14. 14. Aug 2020Q3-20 Spot Price Forecast 14 The dials to the right compare the current Q3-20 forward price against our spot forecast prepared in Q2-20. The lower and upper extremes of the dark grey area mark the 25th to 75th percentiles respectively, and the median is marked as the break in the dark area. QLD During August, the QLD Q3- 20 forward price remained soft, hovering around $33/MWh where it ended the month, below the 25th percentile of our spot forecast. NSW In NSW Q3-20 forward price rallied during August from a low of $45/MWh to a high of $52/MWh, and then softening to a close of just over $48/MWh, just below the 25th percentile of our spot forecast. VIC The VIC Q3-20 forward price moved between $54/MWh and $58/MWh during August, closing the month at $56.20/MWh, just slightly below the median of our spot forecast. SA During August, the spot price softened from a high of $54/MWh to a close of $50.50/MWh, just above the median of our spot forecast. Q3-20 Flat Swap ($/MWh)
  15. 15. Aug 2020 15 Electricity Demand Total Energy consumption was lower for all regions except for SA where total energy consumption was just 0.6% higher than the same time last year. Total energy consumptions for QLD, VIC and TAS was around 3% lower than the same time last year and 2% lower for NSW. In terms of Maximum Demand levels for August 2020 compared to the previous year, all regions recorded considerably higher maximum demand: • NSW sat a record Maximum Demand for August at 12,000MW and 5.8% higher than the same time last year. • QLD was 3.3% higher at almost 8,000MW. • SA was 9% higher at almost 2,578MW. • TAS 1.8% lower that the same time last year at 1,736MW. • And VIC set a record Maximum Demand for August at 7,828MW and 4.6% higher that the previous year. During the last month of winter, increased sunshine and solar PV generation reduced operational demand during the middle of the day. The two peak period humps have grown substantially, increasing maximum demand for all regions. Exceptional days were: 1. VIC recorded it’s highest demand one Tue 4 Aug (Ochre) 2. Thu 6 Aug (Light Blue) and Fri 7 Aug (Orange) were the two highest demand days for NSW and also outliers for the other mainland regions. 3. Sun 9 Aug (Cyan) and Mon 10 Aug were also days of high demand, the later recording the maximum demand for QLD and TAS. 4. Sat 29 (Dark Blue) and Sun 30 (Dark Purple), the last weekend of August and a particularly warm one, recorded the lowest level of demand for all regions except QLD.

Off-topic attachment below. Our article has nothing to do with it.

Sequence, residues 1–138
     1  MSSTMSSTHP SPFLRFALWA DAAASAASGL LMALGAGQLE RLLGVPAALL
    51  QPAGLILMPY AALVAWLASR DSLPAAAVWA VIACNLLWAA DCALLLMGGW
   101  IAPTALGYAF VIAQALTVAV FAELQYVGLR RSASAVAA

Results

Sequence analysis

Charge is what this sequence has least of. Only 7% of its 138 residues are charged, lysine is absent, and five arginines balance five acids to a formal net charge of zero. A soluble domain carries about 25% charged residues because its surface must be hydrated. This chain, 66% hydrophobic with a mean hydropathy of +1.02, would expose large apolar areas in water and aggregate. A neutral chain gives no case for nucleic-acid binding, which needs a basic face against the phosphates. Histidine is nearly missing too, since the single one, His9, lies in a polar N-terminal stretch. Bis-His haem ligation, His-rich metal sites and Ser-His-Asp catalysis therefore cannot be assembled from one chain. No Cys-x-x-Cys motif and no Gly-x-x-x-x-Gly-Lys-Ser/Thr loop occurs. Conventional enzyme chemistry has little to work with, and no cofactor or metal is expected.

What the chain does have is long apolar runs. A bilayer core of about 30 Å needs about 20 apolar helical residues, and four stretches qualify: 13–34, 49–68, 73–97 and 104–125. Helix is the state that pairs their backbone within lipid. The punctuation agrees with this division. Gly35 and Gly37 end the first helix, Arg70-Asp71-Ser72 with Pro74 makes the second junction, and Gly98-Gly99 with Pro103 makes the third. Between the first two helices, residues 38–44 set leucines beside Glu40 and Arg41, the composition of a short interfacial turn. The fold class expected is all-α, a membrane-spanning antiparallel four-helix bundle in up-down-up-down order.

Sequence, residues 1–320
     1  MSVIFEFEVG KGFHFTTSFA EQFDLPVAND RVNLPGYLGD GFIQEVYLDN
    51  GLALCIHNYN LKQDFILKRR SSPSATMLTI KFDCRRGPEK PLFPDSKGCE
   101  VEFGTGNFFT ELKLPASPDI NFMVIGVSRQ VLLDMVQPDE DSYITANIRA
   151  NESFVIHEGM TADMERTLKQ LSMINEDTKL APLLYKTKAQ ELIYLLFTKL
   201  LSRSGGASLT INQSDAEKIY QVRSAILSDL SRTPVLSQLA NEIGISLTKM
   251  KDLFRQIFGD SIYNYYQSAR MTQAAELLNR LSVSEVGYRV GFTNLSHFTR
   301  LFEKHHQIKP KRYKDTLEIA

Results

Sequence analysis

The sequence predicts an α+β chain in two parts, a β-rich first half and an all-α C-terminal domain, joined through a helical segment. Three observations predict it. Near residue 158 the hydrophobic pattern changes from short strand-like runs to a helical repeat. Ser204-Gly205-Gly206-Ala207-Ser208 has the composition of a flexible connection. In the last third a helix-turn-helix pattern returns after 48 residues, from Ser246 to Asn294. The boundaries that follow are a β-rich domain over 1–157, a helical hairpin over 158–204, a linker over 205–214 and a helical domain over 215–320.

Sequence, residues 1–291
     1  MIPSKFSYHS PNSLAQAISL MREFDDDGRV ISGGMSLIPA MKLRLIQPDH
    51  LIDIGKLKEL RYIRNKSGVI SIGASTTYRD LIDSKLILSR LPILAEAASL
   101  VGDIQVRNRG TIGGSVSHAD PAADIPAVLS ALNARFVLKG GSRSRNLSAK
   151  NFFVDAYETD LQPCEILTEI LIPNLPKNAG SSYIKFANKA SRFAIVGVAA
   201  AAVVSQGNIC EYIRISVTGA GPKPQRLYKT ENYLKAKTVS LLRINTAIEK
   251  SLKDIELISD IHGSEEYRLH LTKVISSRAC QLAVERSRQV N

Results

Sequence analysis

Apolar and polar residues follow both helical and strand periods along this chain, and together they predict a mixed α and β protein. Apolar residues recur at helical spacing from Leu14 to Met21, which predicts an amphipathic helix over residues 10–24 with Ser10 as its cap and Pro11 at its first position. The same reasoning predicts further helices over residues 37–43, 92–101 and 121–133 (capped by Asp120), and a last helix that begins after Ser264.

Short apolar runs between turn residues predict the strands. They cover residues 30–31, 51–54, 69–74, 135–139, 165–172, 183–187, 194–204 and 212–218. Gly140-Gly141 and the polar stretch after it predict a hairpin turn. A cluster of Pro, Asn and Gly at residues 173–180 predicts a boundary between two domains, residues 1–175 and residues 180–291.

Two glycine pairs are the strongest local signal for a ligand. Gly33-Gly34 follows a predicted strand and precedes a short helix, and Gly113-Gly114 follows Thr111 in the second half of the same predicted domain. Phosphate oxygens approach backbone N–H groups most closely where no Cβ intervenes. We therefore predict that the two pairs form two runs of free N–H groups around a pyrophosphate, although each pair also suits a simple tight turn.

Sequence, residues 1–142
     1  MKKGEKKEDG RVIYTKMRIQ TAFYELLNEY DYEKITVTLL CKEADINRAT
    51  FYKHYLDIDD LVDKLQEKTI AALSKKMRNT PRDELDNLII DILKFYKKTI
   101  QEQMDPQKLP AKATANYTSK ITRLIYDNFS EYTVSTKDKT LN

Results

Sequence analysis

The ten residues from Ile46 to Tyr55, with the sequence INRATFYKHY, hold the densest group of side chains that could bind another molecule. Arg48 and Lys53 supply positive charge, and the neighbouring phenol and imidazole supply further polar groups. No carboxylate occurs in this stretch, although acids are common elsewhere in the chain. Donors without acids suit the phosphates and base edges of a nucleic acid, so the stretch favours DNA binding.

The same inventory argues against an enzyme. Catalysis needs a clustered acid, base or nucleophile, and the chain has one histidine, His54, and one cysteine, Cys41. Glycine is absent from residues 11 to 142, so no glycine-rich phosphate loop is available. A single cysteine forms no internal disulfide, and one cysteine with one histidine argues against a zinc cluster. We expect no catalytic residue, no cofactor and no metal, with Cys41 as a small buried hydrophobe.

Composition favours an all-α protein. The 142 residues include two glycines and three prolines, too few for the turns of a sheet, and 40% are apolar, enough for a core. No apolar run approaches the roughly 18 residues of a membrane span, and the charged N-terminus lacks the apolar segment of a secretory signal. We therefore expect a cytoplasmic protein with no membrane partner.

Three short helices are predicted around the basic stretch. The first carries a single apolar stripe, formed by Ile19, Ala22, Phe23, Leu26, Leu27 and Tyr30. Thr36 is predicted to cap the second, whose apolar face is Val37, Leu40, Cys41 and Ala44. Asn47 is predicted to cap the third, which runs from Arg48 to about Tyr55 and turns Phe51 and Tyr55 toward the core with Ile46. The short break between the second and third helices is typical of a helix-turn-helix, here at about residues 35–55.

16. 16. Aug 2020 16 Weather Pattern Average temperatures for August were similar to last year for most regions, with SA and VIC just slightly higher than last year. The demand weighted maximum daily temperature was slightly higher than the previous month at 13.4 degrees. The plot charts to the right compare maximum daily temperatures with daily total energy consumption and maximum demand levels. The distribution of temperatures throughout the month was quite similar to the previous year for all regions with SA and TAS having a couple of warmer days at the end of the month. The charts below on the left show weather dependent energy across the NEM, with SA having the most weather dependent energy. The majority of regions showed significant increases in weather dependent energy during August with VIC (shown below) having the greatest change in weather dependent energy.